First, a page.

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Old 02-12-2009, 04:33 PM   #1
goldeneye075
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Unhappy how to increase the swap space in suse linux?


how to increase the swap space in suse linux?
 
Old 02-12-2009, 05:10 PM   #2
jstephens84
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what kind of filesystem? is all your space used up? are you using lvm? more information about your system please? Are you using Sata, Scsi, PATA? and is your system setup so that PATA drives still show up as sda or sdb drives?

Best I can do now is tell you delete your swap space. create a new partition with fdisk, then do the following
Code:
mkswap /dev/sdNX or hdNX where N = device and X = partition number
 
Old 02-12-2009, 05:17 PM   #3
syg00
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There is no need to delete the current swap - Linux can use multiple swap extents. Can be new partitions, or new swap files - the latter created with dd. Add to fstab, and use the same (swap) priority.
Lots of how-to's out there.
As always, more than one way to achieve the required reslt.
 
Old 02-12-2009, 05:31 PM   #4
goldeneye075
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Quote:
Originally Posted by jstephens84 View Post
what kind of filesystem? is all your space used up? are you using lvm? more information about your system please? Are you using Sata, Scsi, PATA? and is your system setup so that PATA drives still show up as sda or sdb drives?

Best I can do now is tell you delete your swap space. create a new partition with fdisk, then do the following
Code:
mkswap /dev/sdNX or hdNX where N = device and X = partition number
How can I find out what file system that i use?

when I type df -h

/dev/md3 58G 49G 9.1G 85% /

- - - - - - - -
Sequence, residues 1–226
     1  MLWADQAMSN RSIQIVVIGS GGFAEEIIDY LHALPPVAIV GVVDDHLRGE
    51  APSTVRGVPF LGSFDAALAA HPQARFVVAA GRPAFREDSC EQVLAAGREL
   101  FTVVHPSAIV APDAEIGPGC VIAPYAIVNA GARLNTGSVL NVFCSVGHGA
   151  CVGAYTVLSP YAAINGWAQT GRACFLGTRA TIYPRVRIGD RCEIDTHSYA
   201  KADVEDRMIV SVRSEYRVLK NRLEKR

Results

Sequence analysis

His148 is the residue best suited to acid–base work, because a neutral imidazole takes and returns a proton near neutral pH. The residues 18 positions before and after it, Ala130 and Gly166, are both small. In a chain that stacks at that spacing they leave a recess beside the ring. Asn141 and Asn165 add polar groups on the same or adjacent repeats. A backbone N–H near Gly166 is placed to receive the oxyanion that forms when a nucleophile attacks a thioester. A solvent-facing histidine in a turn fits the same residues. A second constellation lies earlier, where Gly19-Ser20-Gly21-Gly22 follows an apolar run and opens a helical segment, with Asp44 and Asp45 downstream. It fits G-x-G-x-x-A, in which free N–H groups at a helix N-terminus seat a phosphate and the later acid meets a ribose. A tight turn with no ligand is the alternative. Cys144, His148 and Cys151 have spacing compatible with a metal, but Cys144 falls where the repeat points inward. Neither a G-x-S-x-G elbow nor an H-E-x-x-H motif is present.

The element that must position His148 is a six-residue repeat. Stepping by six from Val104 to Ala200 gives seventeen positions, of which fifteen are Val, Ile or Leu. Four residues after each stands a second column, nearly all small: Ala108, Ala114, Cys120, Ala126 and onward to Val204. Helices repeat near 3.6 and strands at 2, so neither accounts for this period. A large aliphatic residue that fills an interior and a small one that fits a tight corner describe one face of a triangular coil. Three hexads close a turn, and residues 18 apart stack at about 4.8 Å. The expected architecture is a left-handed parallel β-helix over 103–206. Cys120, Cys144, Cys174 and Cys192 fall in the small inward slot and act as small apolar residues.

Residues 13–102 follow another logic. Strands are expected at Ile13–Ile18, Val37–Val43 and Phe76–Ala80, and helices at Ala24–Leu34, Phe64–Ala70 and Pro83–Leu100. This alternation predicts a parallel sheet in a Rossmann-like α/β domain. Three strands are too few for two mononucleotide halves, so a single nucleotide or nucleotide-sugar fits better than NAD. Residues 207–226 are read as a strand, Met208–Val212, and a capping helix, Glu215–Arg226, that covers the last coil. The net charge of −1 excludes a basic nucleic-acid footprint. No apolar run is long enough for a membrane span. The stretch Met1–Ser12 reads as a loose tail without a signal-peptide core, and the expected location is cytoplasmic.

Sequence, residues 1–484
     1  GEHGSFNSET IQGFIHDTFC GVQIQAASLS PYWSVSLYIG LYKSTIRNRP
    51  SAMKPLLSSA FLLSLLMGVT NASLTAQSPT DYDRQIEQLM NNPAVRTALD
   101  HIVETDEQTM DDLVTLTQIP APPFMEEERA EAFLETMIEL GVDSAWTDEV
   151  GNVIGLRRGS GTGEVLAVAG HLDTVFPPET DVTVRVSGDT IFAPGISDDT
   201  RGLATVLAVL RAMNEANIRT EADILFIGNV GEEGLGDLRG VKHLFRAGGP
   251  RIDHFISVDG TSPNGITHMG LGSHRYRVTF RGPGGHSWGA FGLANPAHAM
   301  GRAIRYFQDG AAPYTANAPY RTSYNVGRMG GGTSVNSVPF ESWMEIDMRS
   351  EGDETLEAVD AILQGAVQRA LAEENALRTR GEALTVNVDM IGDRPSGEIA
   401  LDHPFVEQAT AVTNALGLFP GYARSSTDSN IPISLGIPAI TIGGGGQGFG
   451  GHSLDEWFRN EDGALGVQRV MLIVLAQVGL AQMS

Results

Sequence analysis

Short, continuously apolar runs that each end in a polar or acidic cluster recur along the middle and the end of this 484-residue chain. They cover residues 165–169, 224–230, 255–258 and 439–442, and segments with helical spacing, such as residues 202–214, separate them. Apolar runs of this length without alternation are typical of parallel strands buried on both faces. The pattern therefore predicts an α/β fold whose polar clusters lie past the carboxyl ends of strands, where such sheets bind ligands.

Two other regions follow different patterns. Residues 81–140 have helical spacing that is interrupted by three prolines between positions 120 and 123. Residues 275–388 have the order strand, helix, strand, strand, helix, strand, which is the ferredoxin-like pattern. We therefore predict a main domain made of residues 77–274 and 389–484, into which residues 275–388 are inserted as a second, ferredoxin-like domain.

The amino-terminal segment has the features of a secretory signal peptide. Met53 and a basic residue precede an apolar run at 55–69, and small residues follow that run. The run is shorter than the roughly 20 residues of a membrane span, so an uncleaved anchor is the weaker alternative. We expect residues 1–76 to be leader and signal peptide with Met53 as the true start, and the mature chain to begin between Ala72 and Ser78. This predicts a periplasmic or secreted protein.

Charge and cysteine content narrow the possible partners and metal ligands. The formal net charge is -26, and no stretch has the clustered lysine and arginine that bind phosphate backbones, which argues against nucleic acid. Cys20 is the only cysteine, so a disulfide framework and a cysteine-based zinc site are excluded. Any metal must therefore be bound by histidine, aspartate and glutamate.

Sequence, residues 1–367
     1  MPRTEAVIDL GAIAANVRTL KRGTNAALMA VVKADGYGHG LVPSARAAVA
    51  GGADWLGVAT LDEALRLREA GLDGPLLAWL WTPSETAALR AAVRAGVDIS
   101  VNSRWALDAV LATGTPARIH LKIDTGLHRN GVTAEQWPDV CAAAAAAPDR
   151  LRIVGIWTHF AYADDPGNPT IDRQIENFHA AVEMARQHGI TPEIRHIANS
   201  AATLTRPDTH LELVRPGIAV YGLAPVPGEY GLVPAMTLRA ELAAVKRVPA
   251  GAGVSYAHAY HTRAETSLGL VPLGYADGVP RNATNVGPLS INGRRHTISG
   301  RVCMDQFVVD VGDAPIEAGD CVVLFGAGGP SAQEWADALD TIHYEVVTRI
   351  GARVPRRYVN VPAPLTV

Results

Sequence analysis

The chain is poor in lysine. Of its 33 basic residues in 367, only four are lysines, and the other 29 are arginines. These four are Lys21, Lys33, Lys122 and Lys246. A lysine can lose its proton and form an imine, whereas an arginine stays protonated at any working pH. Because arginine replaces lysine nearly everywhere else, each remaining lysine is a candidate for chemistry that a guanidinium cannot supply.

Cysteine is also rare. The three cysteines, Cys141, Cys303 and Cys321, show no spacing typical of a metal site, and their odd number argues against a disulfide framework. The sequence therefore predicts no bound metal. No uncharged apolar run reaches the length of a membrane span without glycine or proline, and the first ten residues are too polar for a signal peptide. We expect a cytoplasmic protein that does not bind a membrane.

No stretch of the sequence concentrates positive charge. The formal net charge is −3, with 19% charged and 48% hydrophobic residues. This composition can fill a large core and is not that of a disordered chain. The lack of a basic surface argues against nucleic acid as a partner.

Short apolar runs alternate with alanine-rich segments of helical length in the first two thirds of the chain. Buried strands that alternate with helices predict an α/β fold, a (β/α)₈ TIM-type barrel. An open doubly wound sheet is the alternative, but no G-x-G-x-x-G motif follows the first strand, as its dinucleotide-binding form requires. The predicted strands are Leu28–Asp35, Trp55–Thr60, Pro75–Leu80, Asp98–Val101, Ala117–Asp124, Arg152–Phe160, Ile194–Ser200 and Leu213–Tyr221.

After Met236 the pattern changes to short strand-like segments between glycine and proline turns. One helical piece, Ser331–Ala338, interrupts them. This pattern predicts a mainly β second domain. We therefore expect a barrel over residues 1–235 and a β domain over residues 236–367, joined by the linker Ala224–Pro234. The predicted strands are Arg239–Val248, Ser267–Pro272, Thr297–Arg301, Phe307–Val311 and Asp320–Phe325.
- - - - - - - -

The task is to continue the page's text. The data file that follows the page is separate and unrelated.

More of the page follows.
udev 2.0G 172K 2.0G 1% /dev
/dev/md0 102M 40M 63M 39% /boot
/dev/md1 16G 7.2G 7.9G 48% /usr

this is for the main node

for node 1
/dev/sda5 58G 202M 58G 1% /
udev 2.0G 104K 2.0G 1% /dev
/dev/sda1 102M 40M 63M 39% /boot
/dev/sdb1 75G 33M 75G 1% /scratch
/dev/sda2 16G 602M 15G 4% /usr
sod:/usr/local 16G 7.2G 7.9G 48% /usr/local
sod:/home 58G 49G 8.9G 85% /home
 
Old 02-12-2009, 05:33 PM   #5
jstephens84
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try searching through dmesg
Code:
dmesg | less
or fstab

Last edited by jstephens84; 02-12-2009 at 05:35 PM.
 
Old 02-12-2009, 05:34 PM   #6
goldeneye075
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Quote:
Originally Posted by syg00 View Post
There is no need to delete the current swap - Linux can use multiple swap extents. Can be new partitions, or new swap files - the latter created with dd. Add to fstab, and use the same (swap) priority.
Lots of how-to's out there.
As always, more than one way to achieve the required reslt.
I was trying to use

sudo dd if=/dev/zero of=/swap_file bs=1M count=1000

but in the node that i want to increse it, does not have sudo command,
how can i install the command?
 
Old 02-12-2009, 05:39 PM   #7
goldeneye075
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Quote:
Originally Posted by jstephens84 View Post
try searching through dmesg
Code:
dmesg | less
or fstab
when i typed
dmesg | less

Bootdata ok (command line is root=/dev/sda5 vga=0x317 resume=/dev/sda3 splash=silent showopts)
Linux version 2.6.16.13-4-smp (geeko@buildhost) (gcc version 4.1.0 (SUSE Linux)) #1 SMP Wed May 3 04:53:23 UTC 2006
 
Old 02-12-2009, 05:40 PM   #8
jstephens84
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Quote:
Originally Posted by goldeneye075 View Post
when i typed
dmesg | less

Bootdata ok (command line is root=/dev/sda5 vga=0x317 resume=/dev/sda3 splash=silent showopts)
Linux version 2.6.16.13-4-smp (geeko@buildhost) (gcc version 4.1.0 (SUSE Linux)) #1 SMP Wed May 3 04:53:23 UTC 2006
Ok try the following.
Code:
cat /etc/fstab
that should have it in there.
 
Old 02-12-2009, 05:41 PM   #9
syg00
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sudo is merely a means of running with root authority - login as root and do the deed (minus the "sudo").